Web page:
536 Noght bot hold thi peasse. The regular 6-line stanza resumes here. While this stanza’s references to “drink” (see lines 537 and 539) respond to Jesus’ complaint of thirst in the preceding lines, those preceding lines may nonetheless be an interpolation, replacing a stanza that contained a similar complaint by Jesus.
539–40 Have here the draght . . . not swete. Jesus is offered a drink of vinegar from a sponge on a reed according to Matthew 27:48 and Mark 15:36 (vinegar and hyssop according to John 19:29). Prior to the crucifixion, according to Matthew 27:34 (see Mark 15:23, but also Psalm 69:21), he is offered wine or vinegar mixed with bitter gall to dull the pain, which he refuses; see the references to “asell” and “gall” in plays 23.277–78, 24.90, and 25.246, 526. The two offers of drink are frequently conflated.
549 That he shuld make us tempyl-les. That is, that he should destroy the temple; see Matthew 27:40.
560–68 How wold thou . . . . say not theragayn. See Matthew 27:35 and John 19:23–24. The gambling for the seamless robe of Jesus — a famous ecclesiastical relic in the Middle Ages (see note to 9.785) — is also the subject of the play of the Dice, which follows in the MS. Here Torturer 4 draws the long straw and thus claims his prize (to the chagrin of Torturer 1).
572 yond skraw. Pilate has attached a scroll to the cross above Jesus’ head; see John 19:19–20 and note to 596–97 below.
583 All is not worth a beyn. Proverbial. See Whiting B92.
589 Appolyn. Apocalypse 9:11 refers to Apollyon or Abaddon, “the destroyer,” as the angel of the abyss; in Hebrew scripture the name Abaddon is used to refer to hell. Here, his name is used as an oath.
591 I am the best Latyn wright. That is, I am the best at understanding Latin — the primary language of medieval instruction. Torturer 4 is effectively asserting that he is the most literate.
596–97 Jesu of Nazareyn / He is kyng of Jues. See John 19:19–20 and Luke 23:38, both of which also explain that the inscription is written in Hebrew, Greek, and Latin (see lines 584–87). However, in Western tradition the sign is conventionally represented with only the letters INRI, the acronym of the Latin inscription, Iesus Nazarenus, Rex Iudaeorum. According to the Northern Passion, the three languages are evident in that one line: “Nazaret was Grew, Jhesu Ebrew, / Kyng of Jues was Latyn . . .” (Codex Ashmole, lines 1594–95).
611–13 Quod scriptum scripsi . . . . theragane. The Latin here is a misquotation of John 19:22: Quod scripsi scripsi (“What I have written, I have written”). Otherwise these lines closely resemble those in York 36.114–17.
624–28 If thou be Crist . . . . all trow in thee. See Mark 15:30–32.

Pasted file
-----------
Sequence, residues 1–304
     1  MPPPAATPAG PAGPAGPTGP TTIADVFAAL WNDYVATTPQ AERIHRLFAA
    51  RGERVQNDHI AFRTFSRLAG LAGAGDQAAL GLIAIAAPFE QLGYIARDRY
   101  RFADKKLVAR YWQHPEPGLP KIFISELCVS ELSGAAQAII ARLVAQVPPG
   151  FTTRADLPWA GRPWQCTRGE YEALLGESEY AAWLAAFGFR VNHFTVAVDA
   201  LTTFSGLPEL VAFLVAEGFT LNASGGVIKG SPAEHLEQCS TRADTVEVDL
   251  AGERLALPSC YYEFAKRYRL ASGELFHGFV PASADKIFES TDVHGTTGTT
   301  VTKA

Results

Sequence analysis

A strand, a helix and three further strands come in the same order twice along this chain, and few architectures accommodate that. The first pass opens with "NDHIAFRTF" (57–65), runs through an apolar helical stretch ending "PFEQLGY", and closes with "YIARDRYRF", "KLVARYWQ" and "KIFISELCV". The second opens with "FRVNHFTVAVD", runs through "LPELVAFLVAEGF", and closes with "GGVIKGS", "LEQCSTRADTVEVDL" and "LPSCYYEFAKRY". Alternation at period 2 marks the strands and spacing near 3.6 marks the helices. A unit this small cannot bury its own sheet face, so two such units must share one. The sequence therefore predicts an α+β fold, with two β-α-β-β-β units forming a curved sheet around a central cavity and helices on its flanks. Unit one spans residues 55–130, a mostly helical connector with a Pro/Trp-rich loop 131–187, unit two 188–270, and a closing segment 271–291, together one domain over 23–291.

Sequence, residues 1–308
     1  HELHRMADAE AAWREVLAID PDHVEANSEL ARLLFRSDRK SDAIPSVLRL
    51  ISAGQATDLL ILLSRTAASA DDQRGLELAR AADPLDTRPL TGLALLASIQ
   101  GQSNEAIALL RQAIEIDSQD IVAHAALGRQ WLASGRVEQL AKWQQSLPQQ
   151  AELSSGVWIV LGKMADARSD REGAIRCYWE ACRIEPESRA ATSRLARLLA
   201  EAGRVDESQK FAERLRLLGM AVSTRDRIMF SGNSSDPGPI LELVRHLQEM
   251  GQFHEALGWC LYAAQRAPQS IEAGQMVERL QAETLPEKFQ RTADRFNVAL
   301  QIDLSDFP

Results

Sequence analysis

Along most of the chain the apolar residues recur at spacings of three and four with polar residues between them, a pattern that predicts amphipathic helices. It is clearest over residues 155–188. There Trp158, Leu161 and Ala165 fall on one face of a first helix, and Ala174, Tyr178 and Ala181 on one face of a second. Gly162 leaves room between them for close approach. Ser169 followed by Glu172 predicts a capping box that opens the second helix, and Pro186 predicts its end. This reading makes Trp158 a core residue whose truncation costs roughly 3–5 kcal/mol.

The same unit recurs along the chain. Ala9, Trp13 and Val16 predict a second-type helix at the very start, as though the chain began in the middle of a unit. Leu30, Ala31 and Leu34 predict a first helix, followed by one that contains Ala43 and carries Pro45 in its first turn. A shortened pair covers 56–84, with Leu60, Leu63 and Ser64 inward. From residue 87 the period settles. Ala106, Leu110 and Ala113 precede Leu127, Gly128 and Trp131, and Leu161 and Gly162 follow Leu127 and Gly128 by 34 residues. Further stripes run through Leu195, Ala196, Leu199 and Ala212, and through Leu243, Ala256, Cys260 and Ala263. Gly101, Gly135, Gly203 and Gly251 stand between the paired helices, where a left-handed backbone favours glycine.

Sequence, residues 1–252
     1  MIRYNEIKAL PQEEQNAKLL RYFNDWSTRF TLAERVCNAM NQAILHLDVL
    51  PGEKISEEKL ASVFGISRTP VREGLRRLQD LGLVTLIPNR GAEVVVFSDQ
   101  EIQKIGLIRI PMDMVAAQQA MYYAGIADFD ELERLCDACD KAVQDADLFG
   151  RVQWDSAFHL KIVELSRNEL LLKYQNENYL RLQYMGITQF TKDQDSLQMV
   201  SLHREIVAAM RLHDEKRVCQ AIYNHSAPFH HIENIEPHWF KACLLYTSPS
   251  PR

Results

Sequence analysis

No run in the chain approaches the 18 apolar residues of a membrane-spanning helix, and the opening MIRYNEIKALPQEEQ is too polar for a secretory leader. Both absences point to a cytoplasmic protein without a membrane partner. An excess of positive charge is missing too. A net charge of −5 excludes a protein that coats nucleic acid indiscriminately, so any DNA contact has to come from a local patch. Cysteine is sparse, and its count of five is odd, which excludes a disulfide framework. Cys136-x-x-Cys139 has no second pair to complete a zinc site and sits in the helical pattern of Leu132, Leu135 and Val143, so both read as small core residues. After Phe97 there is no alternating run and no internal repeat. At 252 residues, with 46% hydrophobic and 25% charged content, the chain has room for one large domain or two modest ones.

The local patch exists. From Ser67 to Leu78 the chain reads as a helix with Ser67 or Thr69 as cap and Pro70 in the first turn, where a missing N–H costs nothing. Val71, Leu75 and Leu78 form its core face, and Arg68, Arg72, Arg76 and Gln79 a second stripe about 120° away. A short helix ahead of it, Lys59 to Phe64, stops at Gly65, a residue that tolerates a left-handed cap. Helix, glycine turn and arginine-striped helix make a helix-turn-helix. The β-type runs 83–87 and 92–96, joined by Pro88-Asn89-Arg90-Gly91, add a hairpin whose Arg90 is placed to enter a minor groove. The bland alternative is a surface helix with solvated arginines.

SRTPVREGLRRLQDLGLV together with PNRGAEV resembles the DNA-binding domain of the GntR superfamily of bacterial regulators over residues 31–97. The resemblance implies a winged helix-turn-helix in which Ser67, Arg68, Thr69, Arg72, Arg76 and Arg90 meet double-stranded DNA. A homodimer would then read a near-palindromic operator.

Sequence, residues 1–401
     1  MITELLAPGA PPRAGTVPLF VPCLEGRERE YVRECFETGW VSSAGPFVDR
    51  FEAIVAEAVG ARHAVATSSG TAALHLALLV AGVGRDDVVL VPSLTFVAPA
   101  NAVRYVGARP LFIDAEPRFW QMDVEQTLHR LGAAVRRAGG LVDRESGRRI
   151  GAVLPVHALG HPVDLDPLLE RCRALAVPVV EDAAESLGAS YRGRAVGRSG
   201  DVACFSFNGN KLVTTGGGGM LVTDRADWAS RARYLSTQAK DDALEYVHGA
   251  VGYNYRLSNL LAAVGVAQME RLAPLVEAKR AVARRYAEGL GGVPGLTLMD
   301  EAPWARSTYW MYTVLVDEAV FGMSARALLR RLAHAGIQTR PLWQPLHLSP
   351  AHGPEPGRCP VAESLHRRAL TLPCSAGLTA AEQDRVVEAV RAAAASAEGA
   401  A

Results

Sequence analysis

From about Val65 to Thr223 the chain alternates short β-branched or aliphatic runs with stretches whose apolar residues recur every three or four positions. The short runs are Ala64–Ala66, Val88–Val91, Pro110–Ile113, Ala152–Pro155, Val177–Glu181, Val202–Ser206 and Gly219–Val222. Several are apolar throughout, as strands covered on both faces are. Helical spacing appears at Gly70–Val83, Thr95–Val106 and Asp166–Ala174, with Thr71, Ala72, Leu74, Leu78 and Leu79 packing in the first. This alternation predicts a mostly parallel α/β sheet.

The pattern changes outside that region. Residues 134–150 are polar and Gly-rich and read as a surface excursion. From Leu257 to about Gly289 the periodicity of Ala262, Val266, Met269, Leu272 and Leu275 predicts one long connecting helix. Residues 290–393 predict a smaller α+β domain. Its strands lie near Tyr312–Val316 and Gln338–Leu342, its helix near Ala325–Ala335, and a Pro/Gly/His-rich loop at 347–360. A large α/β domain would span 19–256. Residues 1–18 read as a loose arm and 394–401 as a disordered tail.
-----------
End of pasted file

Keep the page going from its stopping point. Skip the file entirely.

636 Hely, hely, lamazabatany. This line, transliterated from Aramaic in Matthew 27:46 and Mark 15:34 (usually now as Eloi, Eloi, lama sabachthani), is translated in the rest of this speech. Like the unnamed onlookers in Matthew 27:47 and Mark 15:35, Torturer 2 responds by stating that he must be calling on Elias — that is, the prophet Elijah — to save him (line 640).
650 I betake my saull. Jesus’ last words on the cross are taken from Luke 23:46. The dialogue here makes no reference to the unnatural darkness, earthquakes, rending of the temple curtain, or resurrection of the dead mentioned in gospel accounts as occurring simultaneously with the death of Jesus (see for example Matthew 27:51–54 and Luke 23:44–45), as mentioned in the Resurrection play (23.51–56).
655 Gar me not do bot I wote what. Do not make me do anything other than what I know I do — that is, do not trick me. The response of Torturer 3 (“Not bot put up fast”) means “[do] nothing other than to shove your spear upward, quickly,” which the Torturer ‘helps’ or forces him to do (see lines 661–62). The story of the centurion whose spear pierces the side of Christ (the last of the Five Holy Wounds, the others being caused by the nails in his hands and feet) is based primarily on John 19:34–35 as elaborated in the apocryphal but highly popular Gospel of Nicodemus, which gives him the name Longeus (see Hulme, Middle-English Harrowing of Hell, p. 63, line 625) or Longinus (based on the Greek word for a lance — this particular lance or spear being famous both in the Grail legends and as a relic in Saint Peter’s, Rome). In the Middle English translation, he is blind, but the blood that runs down his spear miraculously restores his sight (line 658) and makes him a believer. His next and final speech, lines 657–64, is in a different stanza form (4 couplets), suggesting a possible interpolation.